Introduction

Parenteral Nutrition is a form of feeding where a person feeds intravenously by passing the normal way of eating and digestion. Persons with gastrointestinal disorders require a full bowel rest, including bowel obstruction, short bowel syndrome and prolonged diarrhea (Hamilton, 1991). Parenteral nutrition prevents malnutrition in patients unable to obtain the sufficient nutrients by oral or enteral routes. There are the two types of parenteral nutrition; partial parenteral nutrition and total parenteral nutrition, with differences in being the makeup of the solutions and the site of administration. Total parenteral nutrition is given when the patient requires an extended period of intensive nutritional support.  Total parenteral nutrition provides the patient with the calories he requires and prevents the body from using protein for energy. It is given using a fusion pump. Partial parenteral nutrition is given to patients who can tolerate some oral feeding, but cannot ingest enough food to their nutrition requirements. The most common combination of solutions used is lipid emulsion and amino acid-dextrose solutions (Howard, 1988). Parenteral nutrition solution nutrients have amino acids, carbohydrates, vitamins, fats and minerals in a mixture intended to meet the needs of the patient. This solution is administered to the blood through the use of intravenous catheter attached to a large vein in the chest or arm.                                                                 

Principles

With parenteral nutrition, there is the possibility of averting malnutrition that will improve the life or the ability to recover from serious illness. This feeding method has proven beneficial to some patients.                                                                 Indications  Pre-existing Nutritional Deprivation  Whenever a patient has a pre-existing problem of scarcity of nutrients; it is always wise that parenteral nutrition be administered. Malnutrition is a common clinical problem. Patients who have a high risk of infections have more impaired psychological functioning and a poorer clinical outcome (Shulman & Philips, 2003).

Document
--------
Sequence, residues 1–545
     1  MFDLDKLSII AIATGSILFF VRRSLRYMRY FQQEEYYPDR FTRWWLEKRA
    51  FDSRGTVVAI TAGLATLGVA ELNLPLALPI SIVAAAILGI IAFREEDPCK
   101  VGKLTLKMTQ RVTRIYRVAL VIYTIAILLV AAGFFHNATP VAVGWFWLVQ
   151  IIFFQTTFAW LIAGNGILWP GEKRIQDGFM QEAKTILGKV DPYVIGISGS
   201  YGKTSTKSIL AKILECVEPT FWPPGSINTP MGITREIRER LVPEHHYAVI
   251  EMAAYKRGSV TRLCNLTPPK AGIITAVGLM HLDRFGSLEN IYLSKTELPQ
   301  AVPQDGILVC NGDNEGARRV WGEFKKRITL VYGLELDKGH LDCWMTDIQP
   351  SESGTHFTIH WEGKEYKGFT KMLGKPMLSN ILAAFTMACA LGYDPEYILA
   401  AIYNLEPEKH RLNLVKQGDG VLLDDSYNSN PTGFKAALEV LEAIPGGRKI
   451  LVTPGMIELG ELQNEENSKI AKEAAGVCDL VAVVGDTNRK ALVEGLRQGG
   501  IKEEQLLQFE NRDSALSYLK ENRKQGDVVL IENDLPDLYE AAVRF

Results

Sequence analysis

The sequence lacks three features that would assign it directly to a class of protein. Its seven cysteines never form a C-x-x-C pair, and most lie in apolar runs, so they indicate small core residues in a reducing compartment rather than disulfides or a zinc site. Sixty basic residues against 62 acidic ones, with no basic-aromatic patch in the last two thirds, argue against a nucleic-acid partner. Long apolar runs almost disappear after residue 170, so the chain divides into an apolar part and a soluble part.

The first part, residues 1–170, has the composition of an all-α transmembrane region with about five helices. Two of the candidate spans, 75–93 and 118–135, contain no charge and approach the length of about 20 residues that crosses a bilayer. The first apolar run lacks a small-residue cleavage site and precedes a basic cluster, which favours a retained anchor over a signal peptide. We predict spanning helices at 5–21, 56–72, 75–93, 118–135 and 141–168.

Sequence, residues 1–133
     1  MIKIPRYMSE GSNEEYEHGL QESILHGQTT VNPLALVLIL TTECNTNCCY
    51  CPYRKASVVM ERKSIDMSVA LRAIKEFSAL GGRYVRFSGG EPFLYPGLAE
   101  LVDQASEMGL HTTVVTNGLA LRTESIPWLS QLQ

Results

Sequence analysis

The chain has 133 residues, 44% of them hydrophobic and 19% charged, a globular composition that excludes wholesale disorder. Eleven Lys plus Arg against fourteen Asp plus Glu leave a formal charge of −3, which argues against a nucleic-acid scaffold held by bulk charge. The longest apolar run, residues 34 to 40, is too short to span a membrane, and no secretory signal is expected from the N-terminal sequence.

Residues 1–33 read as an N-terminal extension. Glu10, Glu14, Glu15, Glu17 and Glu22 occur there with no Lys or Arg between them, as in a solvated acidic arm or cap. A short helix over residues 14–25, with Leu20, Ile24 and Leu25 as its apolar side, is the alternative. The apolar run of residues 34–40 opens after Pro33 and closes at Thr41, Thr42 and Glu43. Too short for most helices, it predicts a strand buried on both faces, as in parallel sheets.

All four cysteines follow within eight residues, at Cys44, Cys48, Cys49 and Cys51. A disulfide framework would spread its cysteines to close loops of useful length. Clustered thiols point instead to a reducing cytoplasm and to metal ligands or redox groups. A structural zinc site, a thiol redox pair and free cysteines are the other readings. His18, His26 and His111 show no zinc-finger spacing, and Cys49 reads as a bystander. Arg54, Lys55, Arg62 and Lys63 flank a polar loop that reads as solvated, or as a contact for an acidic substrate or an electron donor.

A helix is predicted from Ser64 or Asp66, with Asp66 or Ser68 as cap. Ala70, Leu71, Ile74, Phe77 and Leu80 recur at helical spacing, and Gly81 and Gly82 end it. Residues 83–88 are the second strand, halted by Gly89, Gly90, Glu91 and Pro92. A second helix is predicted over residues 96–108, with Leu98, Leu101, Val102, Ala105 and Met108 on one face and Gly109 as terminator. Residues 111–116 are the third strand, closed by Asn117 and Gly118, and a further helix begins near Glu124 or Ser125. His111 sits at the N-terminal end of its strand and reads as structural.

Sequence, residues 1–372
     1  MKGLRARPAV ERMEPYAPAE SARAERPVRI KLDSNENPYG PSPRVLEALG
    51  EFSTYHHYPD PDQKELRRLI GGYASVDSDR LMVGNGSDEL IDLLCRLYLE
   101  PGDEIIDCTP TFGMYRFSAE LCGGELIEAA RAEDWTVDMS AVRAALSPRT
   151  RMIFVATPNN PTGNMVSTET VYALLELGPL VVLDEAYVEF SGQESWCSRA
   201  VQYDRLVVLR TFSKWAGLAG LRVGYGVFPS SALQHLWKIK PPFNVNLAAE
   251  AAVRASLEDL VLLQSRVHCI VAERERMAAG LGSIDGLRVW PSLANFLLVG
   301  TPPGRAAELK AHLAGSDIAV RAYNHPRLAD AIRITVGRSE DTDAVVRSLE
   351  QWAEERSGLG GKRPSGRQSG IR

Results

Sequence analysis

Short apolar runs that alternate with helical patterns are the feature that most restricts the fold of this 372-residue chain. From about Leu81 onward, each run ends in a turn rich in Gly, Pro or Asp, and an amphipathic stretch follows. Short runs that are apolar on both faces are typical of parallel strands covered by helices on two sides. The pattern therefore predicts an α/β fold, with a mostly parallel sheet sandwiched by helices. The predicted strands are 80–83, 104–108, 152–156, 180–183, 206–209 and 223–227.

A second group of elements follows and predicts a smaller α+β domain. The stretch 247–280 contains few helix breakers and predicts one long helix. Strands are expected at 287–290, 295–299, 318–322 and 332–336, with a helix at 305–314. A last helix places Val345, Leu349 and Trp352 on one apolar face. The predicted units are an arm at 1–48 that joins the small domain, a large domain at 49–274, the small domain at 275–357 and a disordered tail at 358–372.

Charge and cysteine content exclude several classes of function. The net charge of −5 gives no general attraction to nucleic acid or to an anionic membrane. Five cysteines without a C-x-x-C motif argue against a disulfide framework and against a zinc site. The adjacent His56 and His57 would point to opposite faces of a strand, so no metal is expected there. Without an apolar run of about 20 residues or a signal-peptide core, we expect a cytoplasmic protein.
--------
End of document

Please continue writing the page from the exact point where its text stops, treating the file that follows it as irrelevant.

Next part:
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Inadequate Oral Nutrition Intake  When a patient is not able to eat through the normal process because of either gastrointestinal blockage or infection, parenteral nutrition is always a recommended option. Significant Multi-organ System Disease Renal, Cardiac and gastrointestinal diseases reduce the amount of nutrients uptake and cause the hyper catabolism. Parenteral nutrition is perhaps the only feasible method of feeding to people with nonfunctional gastrointestinal tract due to blockage, or when its absorptive capacity is impaired.    

Intensive Chemotherapy Patients undergoing cancer treatment through chemotherapy have difficulties when it comes to eating. Through parenteral nutrition, they regain the energy before the introduction of oral food.

Complications

 Infections   

Parenteral nutrition may cause infection at the position of central venous catheter. Patients undergoing long-term therapy, the risk of sepsis spreading to the whole body are high, and can cause death as a result of the septic shock.   Heart and Liver Failure  Patients receiving parenteral nutrition may suffer from the fluid imbalances. Increased levels of dextrose and amino acids cause hyperosmolarity: a condition that leads to dehydration and hypovolemic shock (Lohlein, 1986). Re-feeding Syndrome It consists of metabolic disturbances as the result of the reinstitution of the nutrition patients who are severely malnourished or starved. It occurs to those who lose weight quickly during the period of starvation Hyperglycemia. This problem might arise where a patient receives the solution too quickly, lack of enough insulin and infections. Chronic hyperglycemia leads to complications, such as kidney failure, neurological damage and cardiovascular damage.

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